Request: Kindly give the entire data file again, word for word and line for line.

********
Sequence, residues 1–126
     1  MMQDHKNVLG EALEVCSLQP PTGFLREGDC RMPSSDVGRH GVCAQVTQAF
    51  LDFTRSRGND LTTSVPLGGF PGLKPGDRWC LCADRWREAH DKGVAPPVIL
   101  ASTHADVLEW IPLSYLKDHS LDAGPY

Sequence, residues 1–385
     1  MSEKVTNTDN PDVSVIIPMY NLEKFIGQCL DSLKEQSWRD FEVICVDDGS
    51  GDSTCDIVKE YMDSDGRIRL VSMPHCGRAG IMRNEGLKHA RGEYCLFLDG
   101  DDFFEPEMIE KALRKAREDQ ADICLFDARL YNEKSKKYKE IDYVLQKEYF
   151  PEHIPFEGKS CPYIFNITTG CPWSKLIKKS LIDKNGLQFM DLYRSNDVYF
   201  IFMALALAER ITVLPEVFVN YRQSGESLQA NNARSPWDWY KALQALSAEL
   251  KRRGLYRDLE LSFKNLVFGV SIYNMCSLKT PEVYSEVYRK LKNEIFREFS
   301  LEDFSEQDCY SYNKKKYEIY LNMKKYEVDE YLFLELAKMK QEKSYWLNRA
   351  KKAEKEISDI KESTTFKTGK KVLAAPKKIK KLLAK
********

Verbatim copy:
Sequence, residues 1–126
     1  MMQDHKNVLG EALEVCSLQP PTGFLREGDC RMPSSDVGRH GVCAQVTQAF
    51  LDFTRSRGND LTTSVPLGGF PGLKPGDRWC LCADRWREAH DKGVAPPVIL
   101  ASTHADVLEW IPLSYLKDHS LDAGPY

Sequence, residues 1–385
     1  MSEKVTNTDN PDVSVIIPMY NLEKFIGQCL DSLKEQSWRD FEVICVDDGS
    51  GDSTCDIVKE YMDSDGRIRL VSMPHCGRAG IMRNEGLKHA RGEYCLFLDG
   101  DDFFEPEMIE KALRKAREDQ ADICLFDARL YNEKSKKYKE IDYVLQKEYF
   151  PEHIPFEGKS CPYIFNITTG CPWSKLIKKS LIDKNGLQFM DLYRSNDVYF
   201  IFMALALAER ITVLPEVFVN YRQSGESLQA NNARSPWDWY KALQALSAEL
   251  KRRGLYRDLE LSFKNLVFGV SIYNMCSLKT PEVYSEVYRK LKNEIFREFS
   301  LEDFSEQDCY SYNKKKYEIY LNMKKYEVDE YLFLELAKMK QEKSYWLNRA
   351  KKAEKEISDI KESTTFKTGK KVLAAPKKIK KLLAK